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Expenditure reduced to narrow budget deficit

nhlanhla nene

Finance Minister Nhlanhla Nene says government will reduce spending by R25 billion in the 2015/16 and 2016/17 financial year in a bid to narrow the budget deficit.

While the Minister is trying to narrow the deficit to 3.6%, he said this reduction in spending — coupled with an increase in taxes amounting to a R17 billion collection in 2015/16, and revised spending plans across government to curb waste and contain the wage bill — would narrow the deficit close to the target.

“In the budget framework tabled today, a consolidated deficit of 3.9% of GDP [gross domestic product] is projected for 2015/16, falling to 2.5% in 2017/18.

“Consolidated non-interest expenditure will rise from R1.123 trillion this year to R1.4 trillion in 2017/18, which is an average real increase of 2.1% a year,” he said.

The Minister said the share of personnel compensation is projected to remain at about 40% of non-interest spending.

The reductions in spending will include:

–        Reductions to current spending by national departments of R2.3 billion in 2015/16 and R3.9 billion in 2016/17, to be achieved mainly through decreases in budgets for non-core goods and services;

–        Reductions to capital spending of national departments by R280 million (2015/16) and R911 million (2016/17), mainly on non-critical items of machinery and equipment;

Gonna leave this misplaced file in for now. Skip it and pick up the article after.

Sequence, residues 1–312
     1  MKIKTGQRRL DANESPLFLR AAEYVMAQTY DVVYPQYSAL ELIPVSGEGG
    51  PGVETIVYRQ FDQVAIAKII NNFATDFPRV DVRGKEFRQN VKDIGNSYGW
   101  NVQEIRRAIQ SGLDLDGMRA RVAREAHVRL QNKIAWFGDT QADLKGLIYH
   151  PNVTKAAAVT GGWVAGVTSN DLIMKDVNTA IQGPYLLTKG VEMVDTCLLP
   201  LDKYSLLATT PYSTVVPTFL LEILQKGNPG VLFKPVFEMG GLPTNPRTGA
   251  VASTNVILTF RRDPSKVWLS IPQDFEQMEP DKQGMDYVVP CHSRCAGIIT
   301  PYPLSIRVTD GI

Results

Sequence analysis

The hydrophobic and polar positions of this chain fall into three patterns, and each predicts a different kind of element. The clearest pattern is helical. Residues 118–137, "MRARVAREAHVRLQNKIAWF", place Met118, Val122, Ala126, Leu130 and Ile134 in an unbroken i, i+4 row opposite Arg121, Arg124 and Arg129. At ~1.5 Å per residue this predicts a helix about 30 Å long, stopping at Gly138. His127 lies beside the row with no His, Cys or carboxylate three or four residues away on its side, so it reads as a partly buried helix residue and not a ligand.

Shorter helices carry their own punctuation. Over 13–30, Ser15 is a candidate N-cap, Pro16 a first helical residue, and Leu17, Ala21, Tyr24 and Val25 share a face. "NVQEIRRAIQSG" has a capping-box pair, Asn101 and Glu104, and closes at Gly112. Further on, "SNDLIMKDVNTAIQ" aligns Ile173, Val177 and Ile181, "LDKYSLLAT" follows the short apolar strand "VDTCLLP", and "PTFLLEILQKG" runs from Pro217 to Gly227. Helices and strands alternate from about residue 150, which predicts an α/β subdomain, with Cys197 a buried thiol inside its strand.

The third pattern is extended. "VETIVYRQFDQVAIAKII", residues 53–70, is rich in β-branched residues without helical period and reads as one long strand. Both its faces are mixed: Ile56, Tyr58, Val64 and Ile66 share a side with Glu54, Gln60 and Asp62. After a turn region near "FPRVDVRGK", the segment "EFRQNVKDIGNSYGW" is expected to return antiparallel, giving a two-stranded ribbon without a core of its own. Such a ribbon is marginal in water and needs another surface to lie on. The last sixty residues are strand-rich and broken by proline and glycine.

–        Reductions in allocations to public entities of R2.4 billion (2015/16) and R2.6 billion (2016/17);

–        Reductions in transfers to provinces of R4.4 billion (2015/16) and R6.6 billion (2016/17);

–        Reductions in conditional allocations to local government of R921 million in 2015/16 and R1.4 billion in 2016/17. No reductions were made to the local government equitable share.

The Minister said the reductions would pave the way for spending on new projects to be prioritised.

“Spending on catering, entertainment and venues is budgeted to decline by 8% a year, travel and subsistence will be cut back by 4% a year, in real terms.

“But allocations for critical items such as school books and medicine, police vehicles’ fuel and maintenance of infrastructure will grow faster than inflation. Compliance will be reported by the Auditor-General,” the Minister said.

He said an unallocated contingency reserve of R5 billion has been set aside for next year, with another R15 billion and R45 billion for 2016/17 and 2017/ 18 respectively.

The Minister said while the lowered expenditure ceiling and the contingency reserve allocation accommodated new areas of spending for future budgets, he had taken into account the fact that the economic outlook is uncertain.

Weaker growth and rising interest rates were possible over the period ahead.

“We are also mindful that public service salary negotiations have still to be concluded.

“We hope that agreement will be reached in time for salary improvements to be implemented in April,” he said. –

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